Project Bike: Danish man builds son coolest balance bike ever

Shop guy turns Specialized Hotwalk into ‘Mini Me’ S-Works kickbike

How To Kids

The brake is a Formula R1 with titanium mounting bolts, and the cable has enough length for a barspin in each direction. Albrekt finished off the bike with a custom cut vinyl “S-WALK” decal that mimics the gloss-on-matte look that’s become so popular on stealthy carbon frames of late.

Though it doesn’t seem like there’s much more to do, Albrekt says he’s got a couple more upgrades in the works. When his son’s hands are bigger, he’ll switch to lighter, thinner foam grips, and he’s in the process of turning an aluminum handlebar into a custom 22.2mm seatpost, complete with CNC’d clamp head and titanium hardware. When complete, Albrekt expects the bike to weigh 8.5 pounds.

Albrekt’s S-Walk started life as this stock Specialized Hotwalk.

While Albrekt admits the project might seem excessive, he chalks it up to an exercise in mechanical creativity as much as rewarding parenting.

“My kid loves it,” he says. Hard to argue with that. With Albrekt being such a fan of Specialized we wouldn’t be surprised to see Jakob on the Hardrock XTR—a real production kids bike that features a Shimano XTR drivetrain and a RockShox SID fork. Even so, we’d bet Albrekt already has upgrades in mind.

Custom S-Walk Balance Bike Specs
  • Frame: Specialized Hotwalk Aluminum with custom disc brake mount
  • Fork: Specialized with custom 1-inch thread lesssteerer, 100mm wheel spacing
  • Paint/Graphics: Custom matte black powdercoat/gloss vinyl decals
  • Brake: Formula R1, titanium mounting bolts
  • Rotor: Hope Mono M4, titanium mounting bolts
  • Front Hub: WTB Grease Guard, 32-hole (16 used)
  • Rear Hub: Tune front hub shaved to 95mm width, 32-hole (16 used)
  • Spokes: Union titanium, triple-butted, custom shortened
  • Nipples: Red-anodized aluminum
  • Skewers: Shimano XTR, shortened and rethreaded to fit
  • Rims: Specialized aluminum 12-inch
  • Tires: Specialized Rhythm Lite 12 x 2.0
  • Handlebar: Specialized S-WORKS carbon xc low-rise, 500mm wide.
  • Stem: Tune 50mm, 1-1/8-inch (shimmed to 1-inch), titanium bolts
  • Headset: Tange DX8 1-inch threadless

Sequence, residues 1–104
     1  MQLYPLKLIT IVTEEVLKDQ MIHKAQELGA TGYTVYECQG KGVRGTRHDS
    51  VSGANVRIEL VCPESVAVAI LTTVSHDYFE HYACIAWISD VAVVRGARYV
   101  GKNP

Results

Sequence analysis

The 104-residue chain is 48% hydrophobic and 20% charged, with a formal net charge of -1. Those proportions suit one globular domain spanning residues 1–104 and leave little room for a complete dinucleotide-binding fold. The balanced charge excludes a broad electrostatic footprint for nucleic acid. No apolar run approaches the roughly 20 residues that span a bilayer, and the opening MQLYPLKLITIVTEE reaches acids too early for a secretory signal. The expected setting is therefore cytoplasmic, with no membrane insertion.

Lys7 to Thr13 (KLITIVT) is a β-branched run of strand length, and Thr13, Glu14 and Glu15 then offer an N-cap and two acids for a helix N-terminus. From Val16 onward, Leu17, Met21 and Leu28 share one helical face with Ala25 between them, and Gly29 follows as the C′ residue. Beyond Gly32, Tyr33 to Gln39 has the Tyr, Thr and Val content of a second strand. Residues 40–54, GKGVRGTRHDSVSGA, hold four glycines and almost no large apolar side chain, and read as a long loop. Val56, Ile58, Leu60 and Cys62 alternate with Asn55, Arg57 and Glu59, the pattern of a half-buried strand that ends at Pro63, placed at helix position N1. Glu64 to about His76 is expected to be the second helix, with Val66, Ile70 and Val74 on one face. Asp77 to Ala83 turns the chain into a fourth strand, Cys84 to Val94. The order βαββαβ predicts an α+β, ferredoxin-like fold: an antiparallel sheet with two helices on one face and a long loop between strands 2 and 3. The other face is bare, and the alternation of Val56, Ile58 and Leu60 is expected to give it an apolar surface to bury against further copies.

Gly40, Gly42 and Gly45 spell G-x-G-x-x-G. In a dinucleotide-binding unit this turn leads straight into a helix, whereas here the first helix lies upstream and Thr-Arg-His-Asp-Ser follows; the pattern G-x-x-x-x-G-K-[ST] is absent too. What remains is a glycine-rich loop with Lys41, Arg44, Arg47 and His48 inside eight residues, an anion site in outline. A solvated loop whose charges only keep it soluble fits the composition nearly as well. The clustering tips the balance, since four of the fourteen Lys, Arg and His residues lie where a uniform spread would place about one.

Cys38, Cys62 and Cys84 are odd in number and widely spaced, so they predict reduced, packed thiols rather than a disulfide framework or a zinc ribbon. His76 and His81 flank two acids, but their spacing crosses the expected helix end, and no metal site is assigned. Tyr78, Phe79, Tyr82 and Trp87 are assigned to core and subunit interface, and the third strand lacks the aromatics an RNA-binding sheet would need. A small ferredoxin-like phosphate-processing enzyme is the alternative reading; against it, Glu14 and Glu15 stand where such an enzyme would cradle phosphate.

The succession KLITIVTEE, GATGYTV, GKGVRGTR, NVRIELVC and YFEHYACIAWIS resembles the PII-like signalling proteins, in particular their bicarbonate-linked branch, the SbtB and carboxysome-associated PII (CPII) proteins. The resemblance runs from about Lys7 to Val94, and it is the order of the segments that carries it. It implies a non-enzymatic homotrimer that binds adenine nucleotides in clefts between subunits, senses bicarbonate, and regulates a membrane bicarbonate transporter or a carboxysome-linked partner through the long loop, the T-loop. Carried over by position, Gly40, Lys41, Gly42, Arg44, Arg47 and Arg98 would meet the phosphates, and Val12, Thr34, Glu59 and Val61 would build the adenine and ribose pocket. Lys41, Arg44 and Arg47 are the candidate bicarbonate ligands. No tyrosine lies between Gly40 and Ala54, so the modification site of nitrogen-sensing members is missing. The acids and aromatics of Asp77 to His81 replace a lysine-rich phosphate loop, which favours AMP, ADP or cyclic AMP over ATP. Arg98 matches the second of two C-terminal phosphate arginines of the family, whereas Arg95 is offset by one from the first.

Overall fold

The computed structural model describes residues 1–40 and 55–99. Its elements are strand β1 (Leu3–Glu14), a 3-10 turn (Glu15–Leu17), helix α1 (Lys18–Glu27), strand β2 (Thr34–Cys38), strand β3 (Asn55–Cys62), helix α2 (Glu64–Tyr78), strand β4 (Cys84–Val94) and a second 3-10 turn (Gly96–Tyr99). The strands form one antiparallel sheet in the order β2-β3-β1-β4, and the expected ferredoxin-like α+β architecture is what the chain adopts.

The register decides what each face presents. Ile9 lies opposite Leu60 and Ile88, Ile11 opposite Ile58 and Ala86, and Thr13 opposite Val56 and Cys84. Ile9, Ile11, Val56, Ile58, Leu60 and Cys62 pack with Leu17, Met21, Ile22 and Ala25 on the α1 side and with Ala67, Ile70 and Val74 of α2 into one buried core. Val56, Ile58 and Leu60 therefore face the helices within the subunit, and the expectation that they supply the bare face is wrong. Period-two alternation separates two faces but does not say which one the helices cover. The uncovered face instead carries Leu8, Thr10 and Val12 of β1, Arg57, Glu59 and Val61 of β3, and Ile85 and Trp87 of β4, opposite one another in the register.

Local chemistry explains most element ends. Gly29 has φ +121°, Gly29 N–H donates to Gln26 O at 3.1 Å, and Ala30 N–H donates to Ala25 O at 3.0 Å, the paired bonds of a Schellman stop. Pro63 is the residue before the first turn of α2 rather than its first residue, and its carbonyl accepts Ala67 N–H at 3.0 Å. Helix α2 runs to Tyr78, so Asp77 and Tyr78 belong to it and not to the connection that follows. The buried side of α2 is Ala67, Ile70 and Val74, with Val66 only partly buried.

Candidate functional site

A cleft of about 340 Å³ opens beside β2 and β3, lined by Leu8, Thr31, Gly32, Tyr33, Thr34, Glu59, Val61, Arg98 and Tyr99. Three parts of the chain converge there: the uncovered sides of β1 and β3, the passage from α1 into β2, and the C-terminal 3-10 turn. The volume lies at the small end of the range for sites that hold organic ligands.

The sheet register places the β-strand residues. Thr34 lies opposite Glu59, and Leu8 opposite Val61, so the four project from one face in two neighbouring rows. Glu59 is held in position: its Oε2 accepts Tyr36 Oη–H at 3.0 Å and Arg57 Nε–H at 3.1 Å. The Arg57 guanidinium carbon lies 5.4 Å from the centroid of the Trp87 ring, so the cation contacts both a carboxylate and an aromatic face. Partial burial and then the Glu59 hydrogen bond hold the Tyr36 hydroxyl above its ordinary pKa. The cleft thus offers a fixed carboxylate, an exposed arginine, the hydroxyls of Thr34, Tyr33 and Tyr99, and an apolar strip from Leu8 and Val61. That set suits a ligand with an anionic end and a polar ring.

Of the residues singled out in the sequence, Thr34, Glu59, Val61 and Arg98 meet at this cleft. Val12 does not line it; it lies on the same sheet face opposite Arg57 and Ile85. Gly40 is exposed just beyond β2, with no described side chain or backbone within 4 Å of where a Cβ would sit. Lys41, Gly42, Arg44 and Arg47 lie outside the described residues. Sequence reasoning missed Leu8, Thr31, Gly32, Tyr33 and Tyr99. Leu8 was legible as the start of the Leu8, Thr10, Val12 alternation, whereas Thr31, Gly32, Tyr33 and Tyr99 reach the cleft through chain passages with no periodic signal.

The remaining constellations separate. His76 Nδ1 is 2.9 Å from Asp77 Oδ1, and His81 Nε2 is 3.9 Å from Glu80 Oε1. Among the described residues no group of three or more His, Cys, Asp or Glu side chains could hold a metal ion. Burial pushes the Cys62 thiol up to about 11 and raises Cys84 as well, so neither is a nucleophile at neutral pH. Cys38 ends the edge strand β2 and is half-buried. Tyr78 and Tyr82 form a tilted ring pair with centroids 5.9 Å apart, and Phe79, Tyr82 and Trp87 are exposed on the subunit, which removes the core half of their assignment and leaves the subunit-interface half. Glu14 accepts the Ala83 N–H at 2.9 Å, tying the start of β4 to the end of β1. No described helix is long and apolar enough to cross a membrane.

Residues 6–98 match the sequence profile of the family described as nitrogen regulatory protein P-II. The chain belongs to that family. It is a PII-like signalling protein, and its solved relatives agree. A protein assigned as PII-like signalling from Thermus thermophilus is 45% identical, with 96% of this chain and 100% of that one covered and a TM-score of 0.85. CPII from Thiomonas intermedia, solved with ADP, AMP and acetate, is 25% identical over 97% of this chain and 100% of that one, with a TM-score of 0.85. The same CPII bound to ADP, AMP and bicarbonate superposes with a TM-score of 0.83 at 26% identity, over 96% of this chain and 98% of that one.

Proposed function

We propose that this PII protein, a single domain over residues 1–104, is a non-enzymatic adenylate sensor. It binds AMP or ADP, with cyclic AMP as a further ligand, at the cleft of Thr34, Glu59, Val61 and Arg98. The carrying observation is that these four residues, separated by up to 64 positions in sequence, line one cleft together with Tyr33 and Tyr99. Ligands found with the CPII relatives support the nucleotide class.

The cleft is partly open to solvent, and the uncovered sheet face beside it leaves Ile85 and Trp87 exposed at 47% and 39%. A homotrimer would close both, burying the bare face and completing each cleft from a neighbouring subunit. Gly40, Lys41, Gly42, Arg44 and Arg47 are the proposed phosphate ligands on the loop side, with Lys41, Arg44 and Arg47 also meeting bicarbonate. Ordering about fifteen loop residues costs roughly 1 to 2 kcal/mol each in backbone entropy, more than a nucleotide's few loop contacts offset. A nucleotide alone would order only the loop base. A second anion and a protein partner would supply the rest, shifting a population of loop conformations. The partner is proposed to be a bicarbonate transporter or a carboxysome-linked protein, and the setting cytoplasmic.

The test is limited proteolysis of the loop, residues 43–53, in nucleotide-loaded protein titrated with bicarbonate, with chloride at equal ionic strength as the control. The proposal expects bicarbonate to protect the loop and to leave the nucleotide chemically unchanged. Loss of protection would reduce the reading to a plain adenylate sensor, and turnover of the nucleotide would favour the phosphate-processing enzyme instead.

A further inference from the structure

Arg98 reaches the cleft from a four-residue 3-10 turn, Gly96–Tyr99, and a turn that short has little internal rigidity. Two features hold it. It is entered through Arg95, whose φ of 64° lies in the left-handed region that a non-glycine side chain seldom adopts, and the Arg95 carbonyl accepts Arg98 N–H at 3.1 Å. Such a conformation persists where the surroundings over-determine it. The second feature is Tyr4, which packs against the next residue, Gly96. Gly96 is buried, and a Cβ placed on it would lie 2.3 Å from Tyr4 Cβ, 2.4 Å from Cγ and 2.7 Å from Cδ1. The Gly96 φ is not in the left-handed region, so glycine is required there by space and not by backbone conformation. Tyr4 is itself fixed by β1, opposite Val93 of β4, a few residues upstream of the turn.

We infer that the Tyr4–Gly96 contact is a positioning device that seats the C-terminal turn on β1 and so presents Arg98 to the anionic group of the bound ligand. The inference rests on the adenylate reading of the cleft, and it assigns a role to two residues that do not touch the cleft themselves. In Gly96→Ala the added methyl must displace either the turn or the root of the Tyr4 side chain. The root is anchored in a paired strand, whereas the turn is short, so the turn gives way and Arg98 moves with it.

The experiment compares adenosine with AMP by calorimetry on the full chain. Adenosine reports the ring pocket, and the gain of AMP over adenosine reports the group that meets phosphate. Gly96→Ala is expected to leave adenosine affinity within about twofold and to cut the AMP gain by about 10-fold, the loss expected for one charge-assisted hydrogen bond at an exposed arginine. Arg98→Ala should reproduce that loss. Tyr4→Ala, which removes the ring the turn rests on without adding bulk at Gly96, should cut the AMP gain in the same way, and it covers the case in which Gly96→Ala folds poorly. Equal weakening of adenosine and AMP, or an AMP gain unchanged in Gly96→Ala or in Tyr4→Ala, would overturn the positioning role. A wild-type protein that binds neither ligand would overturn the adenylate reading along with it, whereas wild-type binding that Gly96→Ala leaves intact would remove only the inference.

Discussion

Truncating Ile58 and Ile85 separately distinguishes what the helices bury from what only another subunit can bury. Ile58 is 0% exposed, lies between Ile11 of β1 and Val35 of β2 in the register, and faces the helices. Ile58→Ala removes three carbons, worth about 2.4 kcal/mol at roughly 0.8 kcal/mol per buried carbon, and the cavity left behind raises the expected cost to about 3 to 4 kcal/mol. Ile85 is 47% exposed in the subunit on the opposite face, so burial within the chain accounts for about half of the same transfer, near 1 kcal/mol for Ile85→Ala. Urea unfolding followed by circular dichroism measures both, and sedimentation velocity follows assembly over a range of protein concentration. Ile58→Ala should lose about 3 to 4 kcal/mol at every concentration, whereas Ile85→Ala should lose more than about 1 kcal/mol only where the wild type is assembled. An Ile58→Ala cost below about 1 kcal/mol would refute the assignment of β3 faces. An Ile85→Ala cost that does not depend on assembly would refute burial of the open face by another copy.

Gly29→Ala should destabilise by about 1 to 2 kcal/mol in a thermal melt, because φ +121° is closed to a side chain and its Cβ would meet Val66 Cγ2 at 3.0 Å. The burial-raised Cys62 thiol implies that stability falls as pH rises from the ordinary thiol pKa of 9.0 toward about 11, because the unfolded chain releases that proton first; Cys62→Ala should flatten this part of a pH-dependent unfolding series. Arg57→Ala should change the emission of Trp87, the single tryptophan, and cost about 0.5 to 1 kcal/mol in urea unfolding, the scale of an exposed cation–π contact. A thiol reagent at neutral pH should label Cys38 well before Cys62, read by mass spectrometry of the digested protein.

Editors note: Attempts by the author to get adopted by Albrekt went unacknowledged.


About the author: Don Palermini

Chicago-born Don Palermini became a cycling-based life-form in the sixth grade after completing a family road bike tour of his home state. Three years later he bought his first mountain bike to help mitigate the city's pothole-strewn streets, and began exploring the region's unpaved roads and trails. Those rides sparked a much larger journey which includes all manner of bike racing, commuting, on- and off-road bike advocacy, and a 20-plus-year marketing career in the cycling industry that landed him at his current gig with Santa Cruz bicycles. Now residing in the San Francisco Bay Area, his four favorite words in the English language are "breakfast served all day," together in that order.


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  • Rasmus says:

    GENIALT!!!

  • Joules says:

    that seems like an awful lot of work for something that’s going to get used for maybe a month.

  • Nicholas says:

    Why not just weld your own balance bike at that point?

    I doubt the kid’s hand strength is enough to operate that brake securely.

    Some people have too much money.

  • James Guest says:

    It’d be a whole lot cooler if it didn’t have the big S stamped on the head tube.

  • Jeremy says:

    I smell a lawsuit coming. You don’t even think about messing with that company.

  • Rick says:

    Way to send a message Dad!

  • Loll says:

    This is a great example of what you should not do if your lady friend tells you she wants to get into mountain biking.

  • David says:

    I expect a letter from Specialized’s lawyers any day now

    • SB says:

      I think they have bigger fish to fry. I am pretty sure you can do whatever the hell you like on your own bike. Albrekt is not trying to market, sell or patent this.

  • Huw says:

    Looks amazing. Needs a smaller brake lever though – no chance that kid’s going to reach it when he needs it!

  • Soybean0422 says:

    Awesome!!!!!!!! Love it!

  • JB says:

    Specialized even featured this. They’re not bullcrap animals that will sue an act of love of a father to his kid like the way you morons think.

  • Paddy says:

    Props to all the cynical crybabies out here – we need to teach talented craftsmen who build awesome things for their children a lesson. And that is lesson is ‘don’t share your work with the mountain biking community – they’re a bunch of negative crybabies with too much time on their hands.’

  • JamesB says:

    My daughter now has 2 balance bikes both bought on the same day by different people as presents, one a lot cheaper than the other. She uses both now she can reach the floor on both and one is not really any better than the other. However, she could use one before the other due to the size. I like the bike which has been put together in the article, but for a balance bike I am not sure it was worth the effort. Now my daughter is 15 months and starting to be stable on the balance bike I have just bought a 14 inch peddle bike which I have changed the seat, post and cut the frame to lower the ride height (she can’t touch the floor yet but can just touch the peddles). I can’t wait to see what he does with the peddle bike. It was hard to workout which bike to even buy, as these bikes weight a lot and it seems that the sizing of the bikes are worked out differently. Which is really the most important factor but when they are so small obviously weight is also a big consideration.

  • S says:

    Balance bike tuning seems to be the new trend: 😀
    http://fotos.mtb-news.de/p/1776438?page=1

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